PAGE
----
Mythology And Folklore

Innuit Lore the Tale of Sedna the Goddess that Resides below the Arctic Sea



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"Innuit Lore the Tale of Sedna the Goddess that Resides below the Arctic Sea"
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Most nations around the world have a history of mythological beliefs that play an important role in their culture, the Inuit people are no different from any others. Inuit mythology though is not widely known, and as a result the name of Sedna is not a well known one. In fact the name Sedna is now more commonly associated with a planetoid on the edge of our solar system, this planetoid though was named in honour of the Inuit goddess.

Sedna is an important goddess for the various Inuit people, and was considered the provider of the whales and seals that were needed in order that the Inuit should not go hungry. As well as being a beneficial goddess, Sedna though was also feared, as she had the power to starve as well as provide. If you look around the Arctic region you will find that most people have a version of the Sedna story, with her called Nerrivik in Alaska; Anrarguaggsaq or Arnkajuagsak in Greenland; Nuliajuk in the Northwest Territories and Arnapkapfaaluk in the Coronation Gulf.

As with a great many tales from mythology the tales of Sedna do differ depending upon the version being told. The tales vary, from perceiving that Sedna was an innocent maiden to greedy woman deserving of her plight.

A widely spread tale relates to how Sedna was the beautiful daughter of Anguta, the Inuit creator god. She was though self obsessed and thought little for others. In order that Anguta could rid himself of his daughter he decided that the first hunter to come along could have her as his wife. This came to pass, but the hunter would later reveal himself not to be a man, but an evil bird spirit in the form of a raven. Anguta attempts to rescue her from her enforced marriage but during the rescue the raven conjures up a storm that threatens to engulf the whole world. In order that the world should be saved, Anguta is forced to throw Sedna from his kayak into the sea. Sedna though tries to make her way back into the kayak, which forces her father to chop her fingers off so that she might release her hold. The fingers are transformed into the first seals and whales, whilst Sedna slips under the waves.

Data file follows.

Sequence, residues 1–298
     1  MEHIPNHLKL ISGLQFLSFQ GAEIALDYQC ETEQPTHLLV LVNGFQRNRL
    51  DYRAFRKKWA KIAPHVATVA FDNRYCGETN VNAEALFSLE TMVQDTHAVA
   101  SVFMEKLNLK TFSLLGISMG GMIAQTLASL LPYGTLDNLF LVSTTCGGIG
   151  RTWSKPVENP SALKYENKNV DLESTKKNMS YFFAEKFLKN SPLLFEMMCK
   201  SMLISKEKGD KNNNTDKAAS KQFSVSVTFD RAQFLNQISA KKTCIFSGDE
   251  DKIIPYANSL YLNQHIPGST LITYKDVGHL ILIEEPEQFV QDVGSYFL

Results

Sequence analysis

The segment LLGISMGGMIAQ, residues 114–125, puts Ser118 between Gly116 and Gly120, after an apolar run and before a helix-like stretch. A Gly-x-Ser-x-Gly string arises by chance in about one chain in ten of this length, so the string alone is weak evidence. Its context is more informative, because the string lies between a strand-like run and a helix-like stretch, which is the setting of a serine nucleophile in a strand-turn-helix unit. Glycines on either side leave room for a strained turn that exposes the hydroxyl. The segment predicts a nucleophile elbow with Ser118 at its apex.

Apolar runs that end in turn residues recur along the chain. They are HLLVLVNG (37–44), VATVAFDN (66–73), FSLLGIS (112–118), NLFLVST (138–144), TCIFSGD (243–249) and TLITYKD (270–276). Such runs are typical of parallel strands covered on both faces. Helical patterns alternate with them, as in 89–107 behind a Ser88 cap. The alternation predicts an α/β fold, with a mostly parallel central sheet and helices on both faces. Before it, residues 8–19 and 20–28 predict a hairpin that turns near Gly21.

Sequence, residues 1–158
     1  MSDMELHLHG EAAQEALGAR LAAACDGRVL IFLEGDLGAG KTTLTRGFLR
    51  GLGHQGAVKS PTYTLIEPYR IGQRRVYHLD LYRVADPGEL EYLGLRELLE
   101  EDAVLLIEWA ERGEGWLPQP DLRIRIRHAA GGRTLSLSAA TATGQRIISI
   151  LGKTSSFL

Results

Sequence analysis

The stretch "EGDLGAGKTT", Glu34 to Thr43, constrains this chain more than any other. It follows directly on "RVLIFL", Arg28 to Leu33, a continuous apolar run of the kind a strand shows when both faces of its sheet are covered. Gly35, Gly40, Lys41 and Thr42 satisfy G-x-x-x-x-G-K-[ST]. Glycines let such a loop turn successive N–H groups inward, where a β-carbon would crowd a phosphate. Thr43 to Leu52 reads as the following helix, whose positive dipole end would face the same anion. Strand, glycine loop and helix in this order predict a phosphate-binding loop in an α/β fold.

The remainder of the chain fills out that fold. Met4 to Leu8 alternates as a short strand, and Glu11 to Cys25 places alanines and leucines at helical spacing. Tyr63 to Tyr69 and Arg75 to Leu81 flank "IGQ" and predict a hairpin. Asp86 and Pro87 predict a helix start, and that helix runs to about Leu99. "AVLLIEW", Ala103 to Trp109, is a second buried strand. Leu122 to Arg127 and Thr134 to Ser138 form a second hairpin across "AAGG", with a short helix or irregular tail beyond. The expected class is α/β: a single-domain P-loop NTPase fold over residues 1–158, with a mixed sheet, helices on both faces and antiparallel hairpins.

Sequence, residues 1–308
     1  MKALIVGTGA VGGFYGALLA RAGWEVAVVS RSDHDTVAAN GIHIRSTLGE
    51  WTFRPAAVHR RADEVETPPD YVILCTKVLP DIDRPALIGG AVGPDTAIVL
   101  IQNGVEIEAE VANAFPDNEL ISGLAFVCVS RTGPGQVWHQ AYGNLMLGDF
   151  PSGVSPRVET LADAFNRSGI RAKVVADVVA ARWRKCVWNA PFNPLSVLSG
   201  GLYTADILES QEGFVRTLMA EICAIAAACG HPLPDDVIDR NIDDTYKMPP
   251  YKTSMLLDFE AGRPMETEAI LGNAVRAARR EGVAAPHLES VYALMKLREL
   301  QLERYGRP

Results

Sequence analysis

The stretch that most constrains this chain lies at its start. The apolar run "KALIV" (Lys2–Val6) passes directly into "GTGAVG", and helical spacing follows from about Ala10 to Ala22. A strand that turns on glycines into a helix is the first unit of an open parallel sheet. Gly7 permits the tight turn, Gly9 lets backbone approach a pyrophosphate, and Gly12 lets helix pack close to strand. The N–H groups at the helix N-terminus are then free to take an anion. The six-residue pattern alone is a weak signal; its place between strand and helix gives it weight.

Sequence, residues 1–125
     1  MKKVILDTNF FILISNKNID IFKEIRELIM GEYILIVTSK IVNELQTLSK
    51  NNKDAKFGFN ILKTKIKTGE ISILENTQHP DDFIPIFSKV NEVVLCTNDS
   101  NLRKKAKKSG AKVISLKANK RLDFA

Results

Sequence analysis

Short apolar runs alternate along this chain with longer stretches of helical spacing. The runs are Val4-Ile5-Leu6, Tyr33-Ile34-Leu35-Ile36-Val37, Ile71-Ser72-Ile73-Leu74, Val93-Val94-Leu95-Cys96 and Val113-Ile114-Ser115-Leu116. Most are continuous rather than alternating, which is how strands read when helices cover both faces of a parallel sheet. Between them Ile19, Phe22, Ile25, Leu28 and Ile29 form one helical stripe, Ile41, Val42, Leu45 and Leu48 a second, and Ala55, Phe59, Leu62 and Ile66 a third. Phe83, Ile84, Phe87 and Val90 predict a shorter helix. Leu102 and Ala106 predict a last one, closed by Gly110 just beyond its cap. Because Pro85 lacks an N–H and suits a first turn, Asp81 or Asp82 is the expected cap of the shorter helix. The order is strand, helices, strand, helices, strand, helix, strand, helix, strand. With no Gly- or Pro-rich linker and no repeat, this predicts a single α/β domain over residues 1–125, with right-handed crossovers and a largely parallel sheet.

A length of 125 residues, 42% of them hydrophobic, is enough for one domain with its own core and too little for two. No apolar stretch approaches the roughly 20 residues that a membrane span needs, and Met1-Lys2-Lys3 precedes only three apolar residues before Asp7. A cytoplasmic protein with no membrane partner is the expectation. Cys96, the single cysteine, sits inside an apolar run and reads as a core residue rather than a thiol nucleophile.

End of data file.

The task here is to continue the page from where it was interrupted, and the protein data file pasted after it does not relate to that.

Alternative versions show Anguta trying to get rid of his daughter on purpose, and after she has married a dog against his wishes, she is thrown from his kayak with the same results as above.

No matter how it occurred Sedna once she has descended beneath the waves came to live in Adlivun, what is the Inuit underworld, and became its ruler. This domain gave her control over all of the marine animals that inhabited the sea, the largest of which, the whales, walruses and seals, having developed from her large fingers. This control gave her the power to either lock the marine animals away, depriving the Inuit hunters of their prey, or could allow bountiful hunts to follow. Where poor hunts were in progress, the Inuit Shamans would pray for the release of the seals and whales in the hope to reverses the hunter's fortunes. A change of fortune can also be achieved if a brave hunter agrees to travel to Adlivun in order that they can wash Sedna and in return she will release the seals, whales and walruses.

A vital Inuit goddess, Sedna can be seen as either a helpless victim or a deserving recipient of punishment. Her story though shows how different people can still have the same mythological traditions.

More about this author: Tim Harry

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